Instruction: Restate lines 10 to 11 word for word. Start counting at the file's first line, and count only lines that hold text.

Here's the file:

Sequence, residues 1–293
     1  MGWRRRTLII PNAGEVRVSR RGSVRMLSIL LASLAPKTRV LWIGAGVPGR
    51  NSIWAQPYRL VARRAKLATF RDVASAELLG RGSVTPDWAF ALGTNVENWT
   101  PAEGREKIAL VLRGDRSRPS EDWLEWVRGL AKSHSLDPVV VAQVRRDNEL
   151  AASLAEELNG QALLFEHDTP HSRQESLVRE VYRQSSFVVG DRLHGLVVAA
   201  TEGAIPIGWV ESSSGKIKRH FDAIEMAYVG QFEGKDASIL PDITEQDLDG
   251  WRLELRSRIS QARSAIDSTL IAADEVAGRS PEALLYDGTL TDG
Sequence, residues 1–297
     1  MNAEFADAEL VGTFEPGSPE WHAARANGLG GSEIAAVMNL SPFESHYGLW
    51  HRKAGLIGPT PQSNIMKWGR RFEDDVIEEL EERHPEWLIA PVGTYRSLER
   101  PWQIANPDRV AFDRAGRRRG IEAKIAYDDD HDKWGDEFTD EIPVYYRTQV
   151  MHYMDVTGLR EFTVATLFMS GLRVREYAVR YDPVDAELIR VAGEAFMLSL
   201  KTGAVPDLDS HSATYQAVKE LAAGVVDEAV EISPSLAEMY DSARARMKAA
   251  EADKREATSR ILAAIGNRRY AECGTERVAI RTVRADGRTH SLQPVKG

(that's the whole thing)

    51  HRKAGLIGPT PQSNIMKWGR RFEDDVIEEL EERHPEWLIA PVGTYRSLER
   101  PWQIANPDRV AFDRAGRRRG IEAKIAYDDD HDKWGDEFTD EIPVYYRTQV